You must have heard people say wedding soup can never be the same without escarole. Escarole is a leafy green vegetable and member of the chicory family. Escarole has broad, curly green leaves and a slightly bitter flavour. The outer leaves tend to be darker and more bitter than the more tender inner leaves. Escarole is often confused with lettuce and curly endive, radicchio, frisée, and other bitter green vegetables.
Escarole has a fresh, vegetal taste with light bitterness. It gets its bitter notes from a plant compound called lactucopicrin, which is also known as inhibin. The flavour is brighter and more pronounced when raw and more mellow when cooked.
Escarole is a nutrient warehouse but has very few calories. Every 2 cups (0.47 litres) of raw escarole contains 15g calories, 3g carbohydrate, 1g protein, 3g fibre, 4% of the Daily Value (DV) iron, 30% DV folate, 6% DV zinc, and 9% DV copper.
Escarole is a good source of vitamin B complex, A, C, and K, and it clears the gut and supports eye health. It may likewise reduce inflammation and promote proper blood clotting and bone health.
Escarole Nutrition Facts
The wider, darker outer leaves of escarole tend to be a bit chewy and bitter, making them ideal for cooking. The leaves can be sautéed or braised similarly to collard greens and are frequently used in pasta and soup recipes, especially in Italian cuisine. Here is a list of sumptuous escarole recipes:
- Minestra Maritata (Italian Wedding Soup)
- Grilled Treviso
- Sautéed Radicchio
- Sautéed Escarole
- Escarole And Beans
- Escarole Salad
- Stuffed Escarole
Substitute for Escarole
Although escarole is incredibly healthy, it may be dangerous to people who take blood thinners like warfarin. Warfarin may interact with vitamin K and cause side effects, such as blood clots, leading to stroke and heart attack. Also, excess escarole can exacerbate kidney stones in people with kidney problems.
For this reason, I shall list-worthy substitutes for escarole below.
Arugula is a salad green that is often seen in Italian cuisines. Like escaroles, this green has a bitter note. Unlike escarole, arugulas have a peppery taste, but this can add a pop to your recipe. They often make great additions to salads, tomato dishes, sautéed vegetables, egg dishes, and pasta. Arugula is a great substitute for sautéed dishes and salads.
Frisée / Curled Endive
Frisées are of the same family as escarole, and both vegetables are sometimes mistaken for each other. Like escarole, Frisée has a bitter taste. The leaves go well with a mixture of baby greens. Frisée derives its name from its unique appearance, which has narrow, curly, and frizzy leaves. This substitute is best in salads. Use as much Frisée as escarole required.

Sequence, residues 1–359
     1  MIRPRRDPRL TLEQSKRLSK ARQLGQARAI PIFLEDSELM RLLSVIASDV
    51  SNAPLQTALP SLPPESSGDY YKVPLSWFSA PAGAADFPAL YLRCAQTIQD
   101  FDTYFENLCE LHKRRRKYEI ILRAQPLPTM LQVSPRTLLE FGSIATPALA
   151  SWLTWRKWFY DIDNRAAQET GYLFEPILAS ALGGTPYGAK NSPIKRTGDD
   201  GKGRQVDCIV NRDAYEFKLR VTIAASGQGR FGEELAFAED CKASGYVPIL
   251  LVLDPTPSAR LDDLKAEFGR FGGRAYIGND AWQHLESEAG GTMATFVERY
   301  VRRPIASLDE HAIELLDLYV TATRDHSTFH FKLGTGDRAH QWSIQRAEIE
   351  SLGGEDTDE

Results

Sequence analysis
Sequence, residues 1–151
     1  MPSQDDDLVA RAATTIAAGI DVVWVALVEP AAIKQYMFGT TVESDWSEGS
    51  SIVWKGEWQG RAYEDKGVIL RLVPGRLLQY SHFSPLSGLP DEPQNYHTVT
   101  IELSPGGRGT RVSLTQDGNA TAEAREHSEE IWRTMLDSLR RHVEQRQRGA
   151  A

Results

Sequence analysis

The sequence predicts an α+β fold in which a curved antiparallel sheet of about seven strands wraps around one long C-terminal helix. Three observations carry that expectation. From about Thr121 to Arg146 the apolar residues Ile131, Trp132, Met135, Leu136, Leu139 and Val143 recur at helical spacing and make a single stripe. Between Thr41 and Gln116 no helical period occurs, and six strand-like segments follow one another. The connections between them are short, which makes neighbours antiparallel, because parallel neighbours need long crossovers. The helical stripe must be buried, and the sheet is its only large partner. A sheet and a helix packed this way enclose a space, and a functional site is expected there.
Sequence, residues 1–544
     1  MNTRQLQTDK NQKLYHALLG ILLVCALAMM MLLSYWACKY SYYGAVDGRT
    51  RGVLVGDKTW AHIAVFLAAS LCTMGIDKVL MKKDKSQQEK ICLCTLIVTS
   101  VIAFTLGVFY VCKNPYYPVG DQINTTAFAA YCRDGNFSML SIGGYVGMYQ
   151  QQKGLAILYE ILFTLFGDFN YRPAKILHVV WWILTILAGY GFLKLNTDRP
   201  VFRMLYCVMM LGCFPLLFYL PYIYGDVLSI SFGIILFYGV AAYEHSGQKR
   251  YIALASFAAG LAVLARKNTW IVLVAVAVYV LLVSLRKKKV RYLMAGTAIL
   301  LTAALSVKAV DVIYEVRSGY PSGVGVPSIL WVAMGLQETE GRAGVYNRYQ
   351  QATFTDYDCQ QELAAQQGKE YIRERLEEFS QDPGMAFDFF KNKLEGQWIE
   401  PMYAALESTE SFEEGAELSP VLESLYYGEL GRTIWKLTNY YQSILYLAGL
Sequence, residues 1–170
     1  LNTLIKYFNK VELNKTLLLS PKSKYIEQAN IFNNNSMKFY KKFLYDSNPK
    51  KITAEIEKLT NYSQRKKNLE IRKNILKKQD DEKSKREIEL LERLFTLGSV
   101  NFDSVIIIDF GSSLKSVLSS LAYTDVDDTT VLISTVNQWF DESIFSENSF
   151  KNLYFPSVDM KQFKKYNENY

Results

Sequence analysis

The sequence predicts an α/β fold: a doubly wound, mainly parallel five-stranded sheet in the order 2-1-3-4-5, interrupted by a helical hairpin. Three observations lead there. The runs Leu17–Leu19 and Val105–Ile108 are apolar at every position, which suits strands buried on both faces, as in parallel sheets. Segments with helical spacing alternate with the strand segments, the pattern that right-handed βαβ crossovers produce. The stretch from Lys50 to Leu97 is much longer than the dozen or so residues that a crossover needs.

Spinach can be cooked, baked, and served as a side dish. It can also be tossed in your favourite salad! This substitute for escarole also has the same bitter taste.
Spinach can work well with butter, cardamom, carrots, cottage cheese, peas, cream, egg, and fish. It can also complement ginger, garlic, hollandaise sauce, mustard, and nutmeg.
Spinach can replace escarole in any dish, especially soups.
This thick and crunchy green vegetable is famous for being nutritious and an excellent source of fibre. Chard is very popular and largely available, so it is a great alternative when no escarole is found.
Chad can substitute for escarole in salads and some pasta dishes. You can use the same amount of chard as escarole but consider reducing it if there is too much fibre in your dish.
Curly or dinosaur kales are the best substitutes because of the peppery and bitter note. Dubbed as the king of healthy greens, kale is enriched with beneficial compounds rich in medicinal properties. Some of these include Vitamins A, K, B6, Manganese, Calcium, Copper, Potassium, and Magnesium. It also comes with rich antioxidants like escarole.
This substitute lowers the risk of heart diseases. Use as much kale as escaroles required.
This green is trendy in Asian cuisine. Mustard greens have this unique mild peppery flavour and a pungent bite. Most mustard greens work or taste well when they’re boiled, steamed, or sautéed. Mustard greens are also known as brown mustard, Indian mustard, and leaf mustard.
Frequently Asked Questions (FAQs)
What part of escarole do you eat?
The inner leaves of this vegetable are mild and have a tender, palatable texture. This part of escarole is best for salads or added to sandwiches. However, every part of the escarole is edible. The outer leaves are more textured and bitter. These are best for soups, as the heat may slightly reduce the bitterness and improve the texture.
Does bleaching remove escarole bitterness?
Yes, bleaching is one of the many ways to tame bitter greens in the kitchen. But this escarole’s bitterness can be managed when the leaves boiled in soups.
How long can escarole last in the refrigerator?
Like most fresh vegetables, escaroles have a short shelf life and can deteriorate quickly if not properly managed. Refrigerating this vegetable is a great way to preserve it. Escarole can last up to 4-5 days in the refrigerator.
In the world of Italian-American foods, escarole is a force to reckon with. Escarole finds itself in soups, in recipes with beans, and in stuffed versions. Escarole is enriched with a good amount of antioxidants that are derived from vitamin A and beta-carotene and holds many health benefits. The above-mentioned substitute will serve if you want to experiment with other vegetables or when escarole is hard to find.